Fodor's Expert Review Certosa di Pavia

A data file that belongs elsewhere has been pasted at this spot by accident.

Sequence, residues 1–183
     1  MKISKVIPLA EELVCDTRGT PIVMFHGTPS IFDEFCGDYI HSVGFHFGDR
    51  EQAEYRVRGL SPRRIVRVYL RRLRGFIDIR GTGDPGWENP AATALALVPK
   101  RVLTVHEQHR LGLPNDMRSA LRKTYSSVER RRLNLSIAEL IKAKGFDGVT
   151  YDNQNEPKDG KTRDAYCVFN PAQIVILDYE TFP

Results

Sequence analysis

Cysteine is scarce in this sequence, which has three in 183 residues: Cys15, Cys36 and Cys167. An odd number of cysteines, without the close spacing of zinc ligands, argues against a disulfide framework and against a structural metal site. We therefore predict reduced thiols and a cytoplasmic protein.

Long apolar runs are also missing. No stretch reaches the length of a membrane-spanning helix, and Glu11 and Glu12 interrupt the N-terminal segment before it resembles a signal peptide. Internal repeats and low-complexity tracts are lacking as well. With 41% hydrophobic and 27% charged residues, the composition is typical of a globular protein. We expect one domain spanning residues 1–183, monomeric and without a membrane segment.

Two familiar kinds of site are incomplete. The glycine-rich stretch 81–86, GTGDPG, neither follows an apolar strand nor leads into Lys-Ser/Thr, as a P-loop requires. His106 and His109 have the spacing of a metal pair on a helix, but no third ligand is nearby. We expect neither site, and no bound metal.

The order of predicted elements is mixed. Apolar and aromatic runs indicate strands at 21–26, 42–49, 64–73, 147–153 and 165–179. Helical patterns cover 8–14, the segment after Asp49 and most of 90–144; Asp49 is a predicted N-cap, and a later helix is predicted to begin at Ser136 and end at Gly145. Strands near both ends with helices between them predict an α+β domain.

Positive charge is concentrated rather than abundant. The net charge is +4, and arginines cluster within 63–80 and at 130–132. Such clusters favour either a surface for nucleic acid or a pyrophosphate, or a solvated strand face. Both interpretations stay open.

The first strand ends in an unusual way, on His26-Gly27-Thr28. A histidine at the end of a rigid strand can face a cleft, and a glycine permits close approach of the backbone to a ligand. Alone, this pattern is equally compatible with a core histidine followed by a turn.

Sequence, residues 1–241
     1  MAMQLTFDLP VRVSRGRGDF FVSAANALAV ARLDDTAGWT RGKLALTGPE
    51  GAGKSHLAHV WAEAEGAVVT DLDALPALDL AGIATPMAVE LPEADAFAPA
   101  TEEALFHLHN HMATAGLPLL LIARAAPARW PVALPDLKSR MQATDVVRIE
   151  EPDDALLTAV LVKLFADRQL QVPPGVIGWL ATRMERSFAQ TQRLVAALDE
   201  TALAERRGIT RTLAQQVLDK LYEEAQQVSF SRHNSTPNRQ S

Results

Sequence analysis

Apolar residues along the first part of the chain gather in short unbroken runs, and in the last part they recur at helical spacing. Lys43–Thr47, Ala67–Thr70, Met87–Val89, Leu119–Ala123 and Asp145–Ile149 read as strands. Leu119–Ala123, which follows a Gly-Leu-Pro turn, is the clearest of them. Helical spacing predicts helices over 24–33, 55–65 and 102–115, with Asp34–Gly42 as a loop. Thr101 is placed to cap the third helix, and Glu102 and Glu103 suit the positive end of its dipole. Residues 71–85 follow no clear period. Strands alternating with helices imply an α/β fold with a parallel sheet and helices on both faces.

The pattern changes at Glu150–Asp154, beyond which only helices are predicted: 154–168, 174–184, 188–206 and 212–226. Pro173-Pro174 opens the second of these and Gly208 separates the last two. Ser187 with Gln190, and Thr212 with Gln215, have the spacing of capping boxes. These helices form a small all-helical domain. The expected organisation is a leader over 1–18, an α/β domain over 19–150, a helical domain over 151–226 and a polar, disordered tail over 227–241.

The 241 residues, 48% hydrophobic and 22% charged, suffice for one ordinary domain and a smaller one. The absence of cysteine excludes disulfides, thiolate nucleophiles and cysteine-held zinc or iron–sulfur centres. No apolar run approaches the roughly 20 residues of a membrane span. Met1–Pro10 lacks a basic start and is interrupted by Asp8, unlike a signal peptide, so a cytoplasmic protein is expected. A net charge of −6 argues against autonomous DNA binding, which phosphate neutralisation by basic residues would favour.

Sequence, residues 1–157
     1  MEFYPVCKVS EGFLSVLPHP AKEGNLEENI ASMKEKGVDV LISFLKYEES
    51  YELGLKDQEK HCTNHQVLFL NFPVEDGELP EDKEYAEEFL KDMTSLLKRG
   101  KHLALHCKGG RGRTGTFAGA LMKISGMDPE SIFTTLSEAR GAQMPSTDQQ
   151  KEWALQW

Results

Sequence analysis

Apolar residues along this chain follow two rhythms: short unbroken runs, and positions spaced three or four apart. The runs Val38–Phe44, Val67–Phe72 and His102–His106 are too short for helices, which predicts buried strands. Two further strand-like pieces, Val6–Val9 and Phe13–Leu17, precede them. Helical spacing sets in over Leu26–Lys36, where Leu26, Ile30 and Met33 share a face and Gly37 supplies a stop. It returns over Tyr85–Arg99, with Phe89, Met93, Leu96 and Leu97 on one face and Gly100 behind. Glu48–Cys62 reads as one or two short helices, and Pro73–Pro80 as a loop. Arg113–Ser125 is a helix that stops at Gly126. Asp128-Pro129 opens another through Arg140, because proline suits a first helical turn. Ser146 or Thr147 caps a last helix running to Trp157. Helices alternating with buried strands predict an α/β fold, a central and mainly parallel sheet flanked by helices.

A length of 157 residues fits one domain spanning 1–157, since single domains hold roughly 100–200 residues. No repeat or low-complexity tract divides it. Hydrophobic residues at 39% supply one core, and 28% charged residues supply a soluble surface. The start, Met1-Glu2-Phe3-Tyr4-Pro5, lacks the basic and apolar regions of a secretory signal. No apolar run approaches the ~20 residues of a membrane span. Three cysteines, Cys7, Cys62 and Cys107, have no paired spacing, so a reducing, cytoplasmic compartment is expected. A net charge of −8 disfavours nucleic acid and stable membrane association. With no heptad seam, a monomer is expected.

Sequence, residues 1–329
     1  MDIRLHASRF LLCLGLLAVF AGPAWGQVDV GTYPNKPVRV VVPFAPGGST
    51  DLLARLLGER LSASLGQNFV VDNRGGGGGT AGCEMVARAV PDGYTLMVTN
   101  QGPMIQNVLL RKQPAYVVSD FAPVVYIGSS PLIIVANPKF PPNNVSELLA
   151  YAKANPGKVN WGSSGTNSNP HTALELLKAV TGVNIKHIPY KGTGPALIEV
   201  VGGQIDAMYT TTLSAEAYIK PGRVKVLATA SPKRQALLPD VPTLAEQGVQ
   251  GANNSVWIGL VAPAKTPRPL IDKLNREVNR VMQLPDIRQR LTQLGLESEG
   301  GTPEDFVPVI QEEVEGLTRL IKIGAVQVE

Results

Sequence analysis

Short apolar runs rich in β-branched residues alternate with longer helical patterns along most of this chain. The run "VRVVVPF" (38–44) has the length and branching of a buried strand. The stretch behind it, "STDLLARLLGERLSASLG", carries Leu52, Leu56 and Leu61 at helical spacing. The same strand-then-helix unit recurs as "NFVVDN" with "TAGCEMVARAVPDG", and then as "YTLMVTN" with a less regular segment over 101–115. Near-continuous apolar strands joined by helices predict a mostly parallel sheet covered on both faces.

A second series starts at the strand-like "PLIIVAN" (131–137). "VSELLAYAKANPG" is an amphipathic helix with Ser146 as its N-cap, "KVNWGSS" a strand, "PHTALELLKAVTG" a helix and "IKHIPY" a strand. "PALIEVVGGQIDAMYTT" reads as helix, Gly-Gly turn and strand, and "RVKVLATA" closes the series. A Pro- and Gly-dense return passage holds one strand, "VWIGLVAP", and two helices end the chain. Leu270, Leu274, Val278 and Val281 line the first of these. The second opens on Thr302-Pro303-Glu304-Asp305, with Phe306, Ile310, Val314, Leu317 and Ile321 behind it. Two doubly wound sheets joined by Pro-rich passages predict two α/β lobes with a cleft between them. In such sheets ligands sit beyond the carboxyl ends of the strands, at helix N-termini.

The main draw in Pavia is its certosa (Carthusian monastery), 9 km (5½ miles) north of the city center and a 15-minute walk from the Certosa di Pavia train station. Its elaborate facade shows the same relish for ornamentation as Milan's Duomo. The Certosa di Pavia's extravagant grandeur was due in part to the plan to have it house the tombs of the family of the first duke of Milan, Gian Galeazzo Visconti (who died during a plague, at age 49, in 1402). The best marble was used, taken undoubtedly by barge from the quarries of Carrara, roughly 240 km (150 miles) away. Although the floor plan is Gothic—a cross shape divided into a series of squares—the gorgeous fabric that rises above it is triumphantly Renaissance. On the facade, in the lower frieze, are medallions of Roman emperors and Eastern monarchs; above them are low reliefs of scenes from the life of Christ and from the career of Gian Galeazzo Visconti.